Bottomless, Shoreless, and boundless
Recently while speaking to my eight-year-old cousin, I asked her what prayers they recite in their morning assembly. She sang many prayers, one of which was a Christian nursery rhyme that I found interesting. It said:
God’s Love is so wonderful,
So high you can’t get over it,
So deep you can’t get under it,
So wide you can’t get around it,
Oh! Wonderful love!
This song mentions three characteristics of God’s love. Let us discuss each of them separately.
“So high you can’t get over it”: Our existence is a mystery that philosophers and scientists have been trying to resolve for centuries. The more we have delved into this subject the more the true understanding has receded from us. Our physical reality with its complex components like the brain, our psychological reality and our metaphysical reality have all intrigued us. How did we fit and exist in a universe? So many parameters have to synchronize for life to be possible. Amazingly they are all synchronized. It is certainly the merciful hand of God that has expertly designed our habitat.
Srila Prabhupada writes in the Krishna book (chapter 87): “The cosmic manifestation has been made possible by the entrance of the Supreme Personality of Godhead as Maha-Vishnu within the material world. The total material energy is agitated by the glance of Maha-Vishnu , and only then does the interaction of three material qualities begin. Therefore it should be concluded that whatever material facilities that we are trying to enjoy are available only due to the mercy of the Supreme Personality of Godhead.” The Vaisnava philosophy, however, reveals a sobering realization that although we rebelled against God, He did not thrash our plans for independent enjoyment by depriving us of our independence. Rather, He gave us the chance to try our whims in the material world. We may tend to believe that we have trampled upon the love of God to find something higher, but the reality is that since Lord loves us we are able to exercise our search for the socalled higher independent enjoyment. Thus, love of God is so high we can’t get over it.
“So deep you can’t get under it”: Lord Krishna is known as bhakta-vatsala, or the lover of His devotees. He takes pleasure in being chastised, rebuked, defeated, and ordered by devotees and in serving His devotees. The Lord chooses to forget His own supremacy to deeply relish such exchanges. His accepting the position of a charioteer of Arjuna, His pastime of damodara-lila, His dealings with Sudama brahmana, and several others show that Krishna is conquered by the love of His devotees.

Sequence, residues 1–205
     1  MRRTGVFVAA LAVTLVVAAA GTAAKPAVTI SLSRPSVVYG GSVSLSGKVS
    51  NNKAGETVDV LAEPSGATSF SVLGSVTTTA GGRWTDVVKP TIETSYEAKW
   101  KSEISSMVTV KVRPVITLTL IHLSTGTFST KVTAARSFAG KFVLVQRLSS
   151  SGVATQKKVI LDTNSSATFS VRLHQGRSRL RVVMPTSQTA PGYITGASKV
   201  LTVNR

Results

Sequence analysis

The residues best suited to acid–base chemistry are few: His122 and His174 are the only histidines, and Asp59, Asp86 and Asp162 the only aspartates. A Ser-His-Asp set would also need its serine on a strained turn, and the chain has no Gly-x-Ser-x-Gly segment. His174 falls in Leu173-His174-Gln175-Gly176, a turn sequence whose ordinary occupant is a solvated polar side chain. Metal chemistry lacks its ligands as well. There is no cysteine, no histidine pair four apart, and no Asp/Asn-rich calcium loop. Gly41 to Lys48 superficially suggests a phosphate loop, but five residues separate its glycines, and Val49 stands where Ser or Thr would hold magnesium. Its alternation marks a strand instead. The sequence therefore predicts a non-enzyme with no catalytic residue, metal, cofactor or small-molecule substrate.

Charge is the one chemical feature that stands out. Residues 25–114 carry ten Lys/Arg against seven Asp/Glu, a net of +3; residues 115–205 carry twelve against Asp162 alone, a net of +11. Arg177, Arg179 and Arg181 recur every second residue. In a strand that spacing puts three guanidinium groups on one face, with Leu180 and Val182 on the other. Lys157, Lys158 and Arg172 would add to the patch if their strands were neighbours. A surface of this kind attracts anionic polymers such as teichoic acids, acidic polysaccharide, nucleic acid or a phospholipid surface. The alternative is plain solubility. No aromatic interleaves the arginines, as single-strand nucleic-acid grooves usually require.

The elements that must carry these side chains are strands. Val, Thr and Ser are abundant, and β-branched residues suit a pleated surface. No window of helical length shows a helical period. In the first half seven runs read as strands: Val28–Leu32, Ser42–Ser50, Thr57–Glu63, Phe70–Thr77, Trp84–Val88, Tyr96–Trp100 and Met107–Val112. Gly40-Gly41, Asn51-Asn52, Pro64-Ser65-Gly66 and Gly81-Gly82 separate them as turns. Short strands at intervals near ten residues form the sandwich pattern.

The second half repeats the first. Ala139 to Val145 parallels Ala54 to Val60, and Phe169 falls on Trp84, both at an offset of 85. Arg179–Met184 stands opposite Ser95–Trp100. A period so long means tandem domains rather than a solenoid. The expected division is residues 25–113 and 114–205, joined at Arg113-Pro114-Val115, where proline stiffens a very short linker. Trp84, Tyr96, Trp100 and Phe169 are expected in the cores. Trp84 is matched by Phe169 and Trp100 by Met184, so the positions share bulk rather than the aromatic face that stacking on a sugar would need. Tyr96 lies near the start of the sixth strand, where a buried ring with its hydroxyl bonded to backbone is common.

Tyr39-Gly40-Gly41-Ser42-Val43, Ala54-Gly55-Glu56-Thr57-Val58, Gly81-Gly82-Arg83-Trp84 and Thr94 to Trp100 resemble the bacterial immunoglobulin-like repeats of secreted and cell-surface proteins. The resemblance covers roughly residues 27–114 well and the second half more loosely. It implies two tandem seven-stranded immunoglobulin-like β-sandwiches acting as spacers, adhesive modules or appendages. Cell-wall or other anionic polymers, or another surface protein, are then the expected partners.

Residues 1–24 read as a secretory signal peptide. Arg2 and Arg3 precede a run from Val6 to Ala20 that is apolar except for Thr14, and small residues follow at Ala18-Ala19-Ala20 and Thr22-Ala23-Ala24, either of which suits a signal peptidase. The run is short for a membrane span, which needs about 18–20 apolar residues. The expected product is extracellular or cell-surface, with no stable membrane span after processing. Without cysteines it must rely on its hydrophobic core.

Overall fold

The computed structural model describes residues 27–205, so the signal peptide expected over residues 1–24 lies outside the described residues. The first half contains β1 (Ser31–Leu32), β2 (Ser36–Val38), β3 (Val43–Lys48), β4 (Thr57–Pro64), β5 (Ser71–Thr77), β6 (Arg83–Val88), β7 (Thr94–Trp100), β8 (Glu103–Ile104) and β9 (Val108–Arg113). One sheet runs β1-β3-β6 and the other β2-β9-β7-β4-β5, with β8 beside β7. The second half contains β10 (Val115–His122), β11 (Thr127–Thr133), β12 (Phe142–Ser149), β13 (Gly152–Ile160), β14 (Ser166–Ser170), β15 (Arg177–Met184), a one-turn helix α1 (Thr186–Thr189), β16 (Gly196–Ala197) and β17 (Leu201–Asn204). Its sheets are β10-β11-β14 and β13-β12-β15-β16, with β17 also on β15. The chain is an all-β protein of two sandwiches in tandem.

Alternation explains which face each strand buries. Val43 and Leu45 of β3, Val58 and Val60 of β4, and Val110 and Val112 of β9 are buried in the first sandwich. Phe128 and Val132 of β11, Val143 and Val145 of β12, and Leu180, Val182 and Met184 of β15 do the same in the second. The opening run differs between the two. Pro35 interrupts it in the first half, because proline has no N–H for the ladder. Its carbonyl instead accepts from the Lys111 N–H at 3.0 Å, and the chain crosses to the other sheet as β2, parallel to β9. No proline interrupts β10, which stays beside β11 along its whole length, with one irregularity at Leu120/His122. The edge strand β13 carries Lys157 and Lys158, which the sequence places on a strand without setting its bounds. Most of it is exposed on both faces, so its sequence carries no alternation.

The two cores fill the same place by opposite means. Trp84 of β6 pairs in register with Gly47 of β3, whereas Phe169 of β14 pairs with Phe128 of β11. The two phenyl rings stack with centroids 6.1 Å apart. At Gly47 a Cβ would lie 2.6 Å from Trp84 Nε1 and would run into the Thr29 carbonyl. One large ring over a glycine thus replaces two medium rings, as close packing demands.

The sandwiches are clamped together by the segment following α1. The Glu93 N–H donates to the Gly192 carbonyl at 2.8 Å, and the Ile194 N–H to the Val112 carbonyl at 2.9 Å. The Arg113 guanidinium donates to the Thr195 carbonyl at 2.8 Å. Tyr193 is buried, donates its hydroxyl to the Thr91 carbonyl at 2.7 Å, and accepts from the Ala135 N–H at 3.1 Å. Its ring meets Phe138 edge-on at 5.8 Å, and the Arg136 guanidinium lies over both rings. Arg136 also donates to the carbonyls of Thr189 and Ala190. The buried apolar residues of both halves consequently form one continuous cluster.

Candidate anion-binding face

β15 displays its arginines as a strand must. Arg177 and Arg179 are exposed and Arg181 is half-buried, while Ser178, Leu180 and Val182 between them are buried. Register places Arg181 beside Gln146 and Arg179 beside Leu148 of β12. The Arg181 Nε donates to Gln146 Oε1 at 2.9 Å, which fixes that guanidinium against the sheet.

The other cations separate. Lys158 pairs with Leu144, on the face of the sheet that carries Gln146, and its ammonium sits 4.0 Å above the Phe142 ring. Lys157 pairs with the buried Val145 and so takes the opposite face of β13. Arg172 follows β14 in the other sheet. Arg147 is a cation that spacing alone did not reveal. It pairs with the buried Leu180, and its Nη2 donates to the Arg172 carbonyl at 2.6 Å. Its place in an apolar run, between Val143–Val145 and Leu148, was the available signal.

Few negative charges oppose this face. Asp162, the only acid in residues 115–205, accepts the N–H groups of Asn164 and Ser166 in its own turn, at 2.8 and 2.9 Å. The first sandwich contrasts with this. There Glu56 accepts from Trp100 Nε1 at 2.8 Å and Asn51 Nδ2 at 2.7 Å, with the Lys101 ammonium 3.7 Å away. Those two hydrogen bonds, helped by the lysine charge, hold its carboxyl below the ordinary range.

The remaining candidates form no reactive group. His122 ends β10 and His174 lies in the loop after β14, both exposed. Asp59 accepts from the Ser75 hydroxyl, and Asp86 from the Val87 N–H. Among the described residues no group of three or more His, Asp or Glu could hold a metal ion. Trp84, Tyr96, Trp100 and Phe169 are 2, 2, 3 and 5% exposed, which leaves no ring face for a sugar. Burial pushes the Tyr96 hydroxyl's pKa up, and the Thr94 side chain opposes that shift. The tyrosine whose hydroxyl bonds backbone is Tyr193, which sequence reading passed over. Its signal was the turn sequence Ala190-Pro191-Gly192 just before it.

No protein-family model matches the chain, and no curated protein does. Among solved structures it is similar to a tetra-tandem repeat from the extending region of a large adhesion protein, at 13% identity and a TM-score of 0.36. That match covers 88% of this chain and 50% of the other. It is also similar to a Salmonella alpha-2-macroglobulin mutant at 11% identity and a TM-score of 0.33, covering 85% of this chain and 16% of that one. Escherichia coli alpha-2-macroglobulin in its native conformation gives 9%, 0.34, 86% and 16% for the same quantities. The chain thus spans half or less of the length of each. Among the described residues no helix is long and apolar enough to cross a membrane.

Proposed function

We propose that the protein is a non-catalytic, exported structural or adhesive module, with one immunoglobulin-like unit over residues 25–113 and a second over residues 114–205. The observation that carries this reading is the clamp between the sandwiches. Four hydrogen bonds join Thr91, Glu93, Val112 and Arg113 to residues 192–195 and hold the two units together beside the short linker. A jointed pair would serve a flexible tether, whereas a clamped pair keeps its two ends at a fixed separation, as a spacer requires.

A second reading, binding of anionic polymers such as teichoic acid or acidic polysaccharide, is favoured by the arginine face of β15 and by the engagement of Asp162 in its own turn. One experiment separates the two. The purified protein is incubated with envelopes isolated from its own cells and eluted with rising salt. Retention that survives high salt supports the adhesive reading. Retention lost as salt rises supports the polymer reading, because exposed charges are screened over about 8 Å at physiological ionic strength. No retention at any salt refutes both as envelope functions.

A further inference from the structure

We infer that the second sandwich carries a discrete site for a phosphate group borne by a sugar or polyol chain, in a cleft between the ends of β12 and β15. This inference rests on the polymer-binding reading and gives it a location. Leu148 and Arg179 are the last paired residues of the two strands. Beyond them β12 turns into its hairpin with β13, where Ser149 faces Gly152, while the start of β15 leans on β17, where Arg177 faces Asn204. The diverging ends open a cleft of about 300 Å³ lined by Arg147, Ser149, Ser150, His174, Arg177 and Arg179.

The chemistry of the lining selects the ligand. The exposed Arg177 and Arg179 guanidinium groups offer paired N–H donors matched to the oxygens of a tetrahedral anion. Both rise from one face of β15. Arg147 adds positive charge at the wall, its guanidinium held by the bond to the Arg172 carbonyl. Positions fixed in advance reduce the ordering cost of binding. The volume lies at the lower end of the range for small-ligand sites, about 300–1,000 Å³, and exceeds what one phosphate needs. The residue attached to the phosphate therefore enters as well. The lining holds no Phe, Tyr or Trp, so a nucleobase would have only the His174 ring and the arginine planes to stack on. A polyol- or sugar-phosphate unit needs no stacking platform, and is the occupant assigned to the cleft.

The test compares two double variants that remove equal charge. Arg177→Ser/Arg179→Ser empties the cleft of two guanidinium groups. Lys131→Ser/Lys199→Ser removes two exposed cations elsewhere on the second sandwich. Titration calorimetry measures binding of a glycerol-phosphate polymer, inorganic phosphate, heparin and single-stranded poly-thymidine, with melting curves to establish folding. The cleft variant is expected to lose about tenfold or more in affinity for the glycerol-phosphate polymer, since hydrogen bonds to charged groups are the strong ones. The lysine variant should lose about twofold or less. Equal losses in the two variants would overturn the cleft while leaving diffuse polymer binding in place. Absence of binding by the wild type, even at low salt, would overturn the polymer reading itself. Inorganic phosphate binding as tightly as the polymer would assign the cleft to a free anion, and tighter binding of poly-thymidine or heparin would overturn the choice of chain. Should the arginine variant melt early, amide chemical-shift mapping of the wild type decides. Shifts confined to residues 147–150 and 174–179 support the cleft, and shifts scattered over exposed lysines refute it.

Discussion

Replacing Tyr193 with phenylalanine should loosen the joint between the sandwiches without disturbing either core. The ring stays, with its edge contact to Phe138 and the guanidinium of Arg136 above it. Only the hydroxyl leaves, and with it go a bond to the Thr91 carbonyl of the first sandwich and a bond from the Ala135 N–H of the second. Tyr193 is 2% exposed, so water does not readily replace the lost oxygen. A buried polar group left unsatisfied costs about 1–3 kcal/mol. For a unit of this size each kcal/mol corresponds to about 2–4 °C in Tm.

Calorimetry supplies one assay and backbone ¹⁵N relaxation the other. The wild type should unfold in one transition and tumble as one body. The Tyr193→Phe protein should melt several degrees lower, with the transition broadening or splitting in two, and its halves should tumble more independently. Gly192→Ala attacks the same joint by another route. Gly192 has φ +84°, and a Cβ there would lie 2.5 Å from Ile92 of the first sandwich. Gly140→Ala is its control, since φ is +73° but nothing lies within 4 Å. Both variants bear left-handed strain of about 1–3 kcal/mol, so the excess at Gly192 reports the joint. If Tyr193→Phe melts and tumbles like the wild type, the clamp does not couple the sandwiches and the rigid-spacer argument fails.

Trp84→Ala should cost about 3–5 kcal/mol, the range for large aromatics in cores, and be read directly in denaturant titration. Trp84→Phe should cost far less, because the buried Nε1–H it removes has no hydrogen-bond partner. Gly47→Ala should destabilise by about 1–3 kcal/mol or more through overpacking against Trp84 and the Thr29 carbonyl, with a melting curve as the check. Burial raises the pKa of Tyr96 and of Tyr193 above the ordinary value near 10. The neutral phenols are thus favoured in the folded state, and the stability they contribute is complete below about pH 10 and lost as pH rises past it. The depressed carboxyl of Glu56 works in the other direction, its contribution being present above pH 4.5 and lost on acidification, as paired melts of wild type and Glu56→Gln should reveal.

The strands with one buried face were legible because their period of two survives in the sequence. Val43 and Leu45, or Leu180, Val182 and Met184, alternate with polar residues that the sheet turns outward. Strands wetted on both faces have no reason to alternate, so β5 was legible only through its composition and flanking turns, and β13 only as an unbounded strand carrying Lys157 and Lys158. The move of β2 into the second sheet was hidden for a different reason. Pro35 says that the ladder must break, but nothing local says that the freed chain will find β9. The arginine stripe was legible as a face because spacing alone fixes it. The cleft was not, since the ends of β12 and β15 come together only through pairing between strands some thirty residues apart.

“So wide you can’t get around it”: This means that God’s love is disseminated in so many forms that we can’t help but encounter it. And once we receive it, we may not understand the depth and the value of this great treasure. Krsna’s love and His concern that we should go back to Him for exchanging loving pastimes is unfathomable. For this purpose He expands himself as the Supersoul in the heart of every living entity, eagerly waiting for the living entities to take steps towards Him. He manifests himself in multifarious and easily accessible forms: the Deities, His confidential devotees, scriptures like Srimad- Bhagavatam, and the holy name, the most potent form of incarnation in this Age of Kali. The material nature is so designed that our experience in the material world goads us to take shelter of the Lord.
Why the Lord deals with a devotee in a certain way may be incomprehensible for anyone without devotion. Whereas the usual description of love of God is given in terms of how He provides for our immediate material well being or how His apparently unfavorable act lay the seeds for long run material well being, Vaisnava philosophy describes that the Lord orchestrates the life of the devotee in a way that helps him extricate himself from the material world and go back to Godhead. The devotee on His own cannot understand the plan of the Lord. Sometimes the Lord gives him the intelligence to deduce the plan and sometimes the Lord Himself dictates the plan to His sincere devotee. All we need to do is keep faith that whatever happens, happens for the best.
God’s love is thus high because he does not fail to love us even if we do not reciprocate. It is deep because it goes beyond awe and reverence to intimate exchanges wherein the devotees forget the supremacy of the Lord. It is wide because it is manifest in multifarious forms. It is indeed futile to search for happiness in the love of things and people of this world which distracts us from the wonderful love of God available for us through the simple process of bhakti-yoga.
Roshan Hota has done his engineering from IIT Kharagpur and is now pursuing his PhD in Mechanical Engineering. He is connected with the ISKCON temple in Kolkata.